Defensively, no matter who UCLA faces, it’s going to be interesting. This wasn’t, overall, a well-played defensive game. You have to, of course, understand that it was just UCLA’s second game of the season and Coach Alford is experimenting to find the team’s best defensive looks, and the players that can help him defensively the most in what combination. Again, from that standpoint, give the team and the coaching staff credit for winning the game while doing that. But the defense is going to be something that will be far more difficult to work through compared to the offense.

The primary issue right now is what to do with Bryce Alford defensively. You obviously need to keep him on the court, for what he brings offensively – and well, you really don’t have anyone else. Defensively, though, he’s a liability, and showed it Sunday night. In man D, whomever Bryce guarded had easy looks or easy drives to the basket. Bryce, when he sagged off and didn’t allow the man to drive, allowed a huge amount of space for a Chanticleer to shoot. Once he got burned, Coach Alford switched him to defend another guard, and Coastal then had that guard go after Bryce. There was also the element that Bryce picked up two quick fouls, like he did against Montana State, so Coastal clearly saw a chance to exploit him defensively. It was a game there for a while of Coastal finding the one-on-one match-up with Bryce and going right at it. And if he’s a liability against mid-major guards of Coastal Carolina, it’s tough to imagine him defensively against Kentucky, Arizona or Gonzaga. Or even Oklahoma or Colorado. It appears that Coach Alford, in the first two games, is in the process of working through where he can put Bryce to minimize his defensively vulnerability. Against MSU, Coach Alford tried him along the baseline in the 1-3-1. Bryce seemed to do quite a bit better in the second half against Coastal on top in the 2-3, with that zone enabling others to help around Bryce and also enabling him to better stay out of foul trouble. We foresee the 2-3 being UCLA’s primary defense, to minimize Bryce’s defensive liabilities, to best keep him out of foul trouble and keep him on the floor. If UCLA goes to man too much, it should be a similar case of opponents finding and going right at Bryce.

There’s also a good case for the 2-3, too, since it’s just not Bryce who isn’t a great defender. Hamilton doesn’t have great athleticism and struggled to stay in front of his man, too, against Coastal. Powell is UCLA’s best perimeter defender but still isn’t a shut-down kind of guy, and you couldn’t risk him trying to play that role in man since there’s a good chance he’d also get into foul trouble, and you definitely need him on the court. Noah Allen isn’t a good defender, either, without the athleticism to stay with quick guards/wings, but he does bring a short burst of energy to the defensive side which it appears Coach Alford can use in spurts.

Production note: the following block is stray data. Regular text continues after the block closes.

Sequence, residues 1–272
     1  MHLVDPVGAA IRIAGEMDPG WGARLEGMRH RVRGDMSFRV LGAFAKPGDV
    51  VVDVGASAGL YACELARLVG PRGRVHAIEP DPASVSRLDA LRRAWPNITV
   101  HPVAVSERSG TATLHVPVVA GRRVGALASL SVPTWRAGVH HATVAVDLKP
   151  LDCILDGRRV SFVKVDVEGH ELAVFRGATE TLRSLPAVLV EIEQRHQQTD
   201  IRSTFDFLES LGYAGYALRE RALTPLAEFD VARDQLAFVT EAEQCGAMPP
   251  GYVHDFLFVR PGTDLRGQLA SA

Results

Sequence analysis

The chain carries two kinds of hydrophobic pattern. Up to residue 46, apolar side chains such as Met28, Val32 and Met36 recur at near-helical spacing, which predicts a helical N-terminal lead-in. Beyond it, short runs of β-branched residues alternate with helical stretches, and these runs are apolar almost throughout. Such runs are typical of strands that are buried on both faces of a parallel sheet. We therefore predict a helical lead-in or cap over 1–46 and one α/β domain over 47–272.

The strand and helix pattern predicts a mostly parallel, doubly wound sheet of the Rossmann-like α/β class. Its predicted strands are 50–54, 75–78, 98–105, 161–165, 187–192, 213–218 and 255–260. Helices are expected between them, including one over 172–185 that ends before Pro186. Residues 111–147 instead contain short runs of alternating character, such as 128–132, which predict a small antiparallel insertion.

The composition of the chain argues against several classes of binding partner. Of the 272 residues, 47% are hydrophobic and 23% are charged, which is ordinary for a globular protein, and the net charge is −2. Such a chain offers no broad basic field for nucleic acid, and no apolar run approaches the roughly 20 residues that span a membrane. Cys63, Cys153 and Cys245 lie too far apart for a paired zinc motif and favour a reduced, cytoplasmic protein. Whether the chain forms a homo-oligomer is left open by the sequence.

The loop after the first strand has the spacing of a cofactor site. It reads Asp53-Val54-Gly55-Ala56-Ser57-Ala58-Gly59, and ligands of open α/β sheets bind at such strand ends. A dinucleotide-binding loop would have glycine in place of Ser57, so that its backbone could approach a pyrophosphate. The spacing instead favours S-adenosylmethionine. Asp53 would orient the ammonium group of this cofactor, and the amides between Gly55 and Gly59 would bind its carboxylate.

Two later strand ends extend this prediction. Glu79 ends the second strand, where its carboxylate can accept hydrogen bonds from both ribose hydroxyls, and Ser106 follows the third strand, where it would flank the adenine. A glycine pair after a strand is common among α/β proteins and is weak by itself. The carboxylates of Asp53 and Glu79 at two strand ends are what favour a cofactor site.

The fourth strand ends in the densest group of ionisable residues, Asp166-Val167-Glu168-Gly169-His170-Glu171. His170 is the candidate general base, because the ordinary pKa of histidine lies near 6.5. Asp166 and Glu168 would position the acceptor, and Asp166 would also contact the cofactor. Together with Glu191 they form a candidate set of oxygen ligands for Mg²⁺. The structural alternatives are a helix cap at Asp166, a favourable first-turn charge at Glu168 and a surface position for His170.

Powell fouled out of this game, too, and it’s vital he stays on the floor so the 2-3 zone, just to minimize foul trouble, looks like the recourse for the season, with very minimal man D in spots.

The rotation shorted up a bit against Coastal, like we thought it would. The primary bench is going to be Allen, Thomas Welsh and Wanaah Bail. Gyorgy Goloman had just three minutes. So, even just against Coastal Carolina, Coach Alford had to play Bryce and Hamilton 35 minutes each and Looney 32. Those minutes will increase and the bench minutes will shorten more against high-major opponents and then fatigue and wear-and-tear becomes a factor, and injury risk.

The competition for minutes at the five is going to be interesting. Most true freshmen will have development stops and starts, and Welsh, after looking good against MSU, had some tentative moments against Coastal. Parker played better, finishing with a double-double (11 and 11), but, really, that’s something he absolutely is expected to do against a mid-major without a decent post player. He had a number of travels, and if they weren’t travels they would have been charges, and still looks out-of-sorts offensively. Welsh, clearly, is going to give UCLA more offense from the five more consistently. It’s going to be something Coach Alford has to probably manage game by game, determining which opponent match-ups are better for Parker or Welsh, and literally game by game who is playing better that day. Once Welsh gets more comfortable, as we said by Pac-12 play, we still expect Welsh to make a case for the bulk of the minutes at the five.

Readers are pointing out that in the BRO preseason prediction we predicted UCLA would lose against Coastal, that it’d be the one mid-major loss that most UCLA teams seem to suffer. While we still think there could be a mid-major loss on the schedule somewhere, give this team a great deal of credit for doing what so many UCLA teams before it couldn’t do, hold serve and avoid the upset in Pauley against a less-talented, less-athletic mid-major.